Government should not try to make up for zero industrial activity by hiking prices; middle class will pay for additional taxes only if a stimulus is announced.
In the past one week—when governments around the world are announcing stimulus or relief packages—in India there have been announcements of multiple tax hikes. One on alcohol where state governments led by Arvind Kejriwal’s Delhi government hiked taxes by a whopping 70%. Second on fuel products where the Central government—armed with a change in legislation it brought about earlier this year—hiked excise duty. Governments—both the Centre and state—have sent the message that in times of distress they will hike taxes no matter how unreasonable may be the quantum.
With the second revision in excise duty, the government will collect nearly 260% taxes—which includes excise duty and VAT on the base price of petrol. Likewise, government will charge a whopping 256% of prices as taxes for every litre of diesel. The government will collect a total of Rs 4.4 lakh crore as fuel taxes this year—which is 2.1% of India’s total GDP. Beyond doubt, this is excessive taxation. It can be justified only if it is spent on lifting the economy and ensuring India recovers from the Covid-induced economic shock. Without a concrete stimulus package and reform measures, clamour to reduce these high levies will grow.
Experts have argued, at a time when demand is extremely low, additional taxes will further reduce the amount of money that Indians will have to spend. Unless Indians start spending, the demand cycle and the larger investment cycle will not pick up. Let us not forget the Covid shock has come at a time when the Indian economy was growing at its slowest pace in years and was staring at a serious slowdown.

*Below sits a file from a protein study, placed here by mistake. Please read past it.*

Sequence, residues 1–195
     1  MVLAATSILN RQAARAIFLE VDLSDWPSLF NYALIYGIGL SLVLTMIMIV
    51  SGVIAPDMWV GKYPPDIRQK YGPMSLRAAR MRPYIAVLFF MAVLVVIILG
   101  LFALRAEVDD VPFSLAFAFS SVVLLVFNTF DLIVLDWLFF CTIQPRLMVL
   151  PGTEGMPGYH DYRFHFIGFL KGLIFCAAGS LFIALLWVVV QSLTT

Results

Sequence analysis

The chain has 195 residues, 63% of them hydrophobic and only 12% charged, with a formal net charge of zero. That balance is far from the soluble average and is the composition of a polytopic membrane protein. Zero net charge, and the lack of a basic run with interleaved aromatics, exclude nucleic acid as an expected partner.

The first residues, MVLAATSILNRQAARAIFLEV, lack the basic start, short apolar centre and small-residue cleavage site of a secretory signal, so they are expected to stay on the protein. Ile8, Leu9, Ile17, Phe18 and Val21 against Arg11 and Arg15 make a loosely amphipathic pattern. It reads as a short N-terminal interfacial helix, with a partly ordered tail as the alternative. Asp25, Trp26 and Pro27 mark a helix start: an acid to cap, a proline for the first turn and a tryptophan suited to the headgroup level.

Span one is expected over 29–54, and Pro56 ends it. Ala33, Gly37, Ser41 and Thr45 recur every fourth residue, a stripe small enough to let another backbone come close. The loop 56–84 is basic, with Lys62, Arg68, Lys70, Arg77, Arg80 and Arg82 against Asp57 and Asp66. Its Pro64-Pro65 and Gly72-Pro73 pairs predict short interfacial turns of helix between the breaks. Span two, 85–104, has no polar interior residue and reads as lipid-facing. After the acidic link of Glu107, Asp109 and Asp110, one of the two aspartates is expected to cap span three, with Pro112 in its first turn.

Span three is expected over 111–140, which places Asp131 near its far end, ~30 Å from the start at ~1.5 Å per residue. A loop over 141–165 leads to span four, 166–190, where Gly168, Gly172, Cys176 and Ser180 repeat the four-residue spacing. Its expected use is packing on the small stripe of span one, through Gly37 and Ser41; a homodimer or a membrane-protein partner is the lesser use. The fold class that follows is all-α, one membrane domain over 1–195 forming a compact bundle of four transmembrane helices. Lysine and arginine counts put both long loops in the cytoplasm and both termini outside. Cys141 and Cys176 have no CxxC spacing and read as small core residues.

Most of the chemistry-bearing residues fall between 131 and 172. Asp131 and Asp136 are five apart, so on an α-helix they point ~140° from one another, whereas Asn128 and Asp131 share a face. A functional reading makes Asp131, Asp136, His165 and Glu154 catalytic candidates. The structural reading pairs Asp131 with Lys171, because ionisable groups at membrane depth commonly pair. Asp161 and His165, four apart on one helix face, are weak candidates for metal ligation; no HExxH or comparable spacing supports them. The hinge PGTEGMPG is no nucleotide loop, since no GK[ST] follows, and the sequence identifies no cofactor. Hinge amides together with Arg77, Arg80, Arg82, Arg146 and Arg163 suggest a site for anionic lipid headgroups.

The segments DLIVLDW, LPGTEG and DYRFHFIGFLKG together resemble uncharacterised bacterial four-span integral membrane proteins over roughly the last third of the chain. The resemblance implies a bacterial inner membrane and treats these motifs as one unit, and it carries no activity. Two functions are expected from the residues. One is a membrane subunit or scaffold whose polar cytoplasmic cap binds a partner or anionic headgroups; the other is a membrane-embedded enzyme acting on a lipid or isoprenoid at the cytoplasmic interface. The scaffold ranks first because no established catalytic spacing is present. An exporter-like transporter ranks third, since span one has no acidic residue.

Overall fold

At a time when levies can be rationalised as global oil prices are at record lows, the government went ahead with another duty hike. But the question about how livelihoods will be saved still remains unanswered. The Prime Minister has ensured basic needs of hunger and starvation are addressed, but what is needed are measures to address concerns of industry, measures to create more jobs and address concerns of the small scale sector that are leveraged and are staring at huge losses and large scale bankruptcies.
Unless the worst hit sectors of the economy are addressed with a series of relief measures, the people of India are better off with lower fuel prices at this juncture. Likewise for alcohol, many in Government quarters gleefully pointed at high revenue collections despite irrational taxes. This is short lived and unsustainable. The same people who are willfully paying additional levies by standing in queues or signing up for home deliveries, will soon run out of patience with this Government if a relief measure is not announced.
According to Reserve Bank of India’s figures, the levies on alcohol make up on an average about 10% to 15% of the Tax Revenues of states (excluding what states get from Central funds). It makes liquor levies the second largest contributor to state exchequer, which is why excise duty on alcohol is being hiked by state after state. After Delhi, the Andhra Pradesh government announced two hikes—50% and 25%. States like Uttar Pradesh—which earned Rs 25,000 crore via alcohol levies in 2019—have also further increased taxes. But by next week the sales figures will start tapering, and may even reduce.
People will spend more, provided there is some cushioning of the economic devastation that Covid-19 has caused. The sooner State and Central governments realise this the better it is for the economic future of India. If not, there will be backlash. Massive unemployment, huge bankruptcies and large-scale economic disaster cannot be averted by just hiking duties. Only bold policy measures will.
Gaurie Dwivedi is a senior journalist covering economy, policy and politics.